Toga Party: The Political Basis of
Judicial Investigations against MPs in
South European Society & Politics (Journal IF: 1.035)
Co-author: Marco Mainenti
Replication material: andreaceron.com/publications
Acknowledgments: Associazione Nazionale Magistrati (ANM) for sharing data. Yoshi Kobayashi, Jim Newell, Veronica Grembi, Raffaele Asquer, Fabio Franchino, Luigi Curini, Chris Hanretty, Federica Genovese, Chiara Superti, Cristina Dallara, Guido De Blasio, Tommaso Nannicini, as well as participant at the annual meeting of European Political Science Association, Barcelona, 20–22 June 2013, and the annual conference of the Italian Society of Political Science, Florence, 12–14 September 2013 for helpful comments and suggestions.
What is worth remembering:
- There are left-wing judges and right-wing judges, baby
- Prosecutors’ ideological positions affect judicial investigations
- Left-wing judges send more RAP to right-wing parties
- Right-wing judges send less RAP to right-wing parties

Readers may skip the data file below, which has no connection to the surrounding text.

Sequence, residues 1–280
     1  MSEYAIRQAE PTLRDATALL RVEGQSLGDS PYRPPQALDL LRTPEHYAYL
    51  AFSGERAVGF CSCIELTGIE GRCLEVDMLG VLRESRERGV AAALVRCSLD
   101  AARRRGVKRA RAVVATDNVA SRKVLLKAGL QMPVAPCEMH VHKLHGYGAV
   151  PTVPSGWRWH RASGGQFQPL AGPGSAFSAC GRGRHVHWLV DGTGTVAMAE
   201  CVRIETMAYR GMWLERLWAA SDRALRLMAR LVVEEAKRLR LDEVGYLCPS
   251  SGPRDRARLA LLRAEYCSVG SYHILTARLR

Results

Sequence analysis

- The politicisation of the judiciary began well before Tangentopoli and Berlusconi
- The independence of the judiciary does not necessarily imply impartiality
Scholars agree that ideology affects judicial decision-making. We demonstrate that this proposition holds true even when the judiciary is independent of political control. Focusing on Italy (1983–2013), where the politicisation of the judiciary was an issue well before the entry of Berlusconi into politics, we estimate judicial orientations according to the support for factions within the National Judiciary Association. The results show that ideology affects trial court activity against deputies. As the support for left-wing factions increases, prosecutors are more likely to investigate right-wing parties. Conversely, as the share of right-leaning factions grows, investigations of moderate or rightist parties decrease.
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